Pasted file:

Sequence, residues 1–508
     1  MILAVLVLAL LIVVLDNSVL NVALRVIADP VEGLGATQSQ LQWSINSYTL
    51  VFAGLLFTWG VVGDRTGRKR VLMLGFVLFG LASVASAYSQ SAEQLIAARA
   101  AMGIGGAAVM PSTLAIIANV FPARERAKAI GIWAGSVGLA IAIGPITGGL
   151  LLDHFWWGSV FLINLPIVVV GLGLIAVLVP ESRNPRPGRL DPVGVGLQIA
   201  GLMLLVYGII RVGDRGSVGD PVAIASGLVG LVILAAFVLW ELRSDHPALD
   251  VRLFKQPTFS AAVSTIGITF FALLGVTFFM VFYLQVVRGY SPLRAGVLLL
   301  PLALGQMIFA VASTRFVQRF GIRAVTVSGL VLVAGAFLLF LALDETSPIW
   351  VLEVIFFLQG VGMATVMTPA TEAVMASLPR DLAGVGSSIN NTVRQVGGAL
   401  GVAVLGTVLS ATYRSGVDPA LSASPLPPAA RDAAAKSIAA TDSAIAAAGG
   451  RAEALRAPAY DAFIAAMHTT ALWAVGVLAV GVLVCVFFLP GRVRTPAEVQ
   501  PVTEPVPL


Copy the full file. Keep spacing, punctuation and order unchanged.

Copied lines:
Sequence, residues 1–508
     1  MILAVLVLAL LIVVLDNSVL NVALRVIADP VEGLGATQSQ LQWSINSYTL
    51  VFAGLLFTWG VVGDRTGRKR VLMLGFVLFG LASVASAYSQ SAEQLIAARA
   101  AMGIGGAAVM PSTLAIIANV FPARERAKAI GIWAGSVGLA IAIGPITGGL
   151  LLDHFWWGSV FLINLPIVVV GLGLIAVLVP ESRNPRPGRL DPVGVGLQIA
   201  GLMLLVYGII RVGDRGSVGD PVAIASGLVG LVILAAFVLW ELRSDHPALD
   251  VRLFKQPTFS AAVSTIGITF FALLGVTFFM VFYLQVVRGY SPLRAGVLLL
   301  PLALGQMIFA VASTRFVQRF GIRAVTVSGL VLVAGAFLLF LALDETSPIW
   351  VLEVIFFLQG VGMATVMTPA TEAVMASLPR DLAGVGSSIN NTVRQVGGAL
   401  GVAVLGTVLS ATYRSGVDPA LSASPLPPAA RDAAAKSIAA TDSAIAAAGG
   451  RAEALRAPAY DAFIAAMHTT ALWAVGVLAV GVLVCVFFLP GRVRTPAEVQ
   501  PVTEPVPL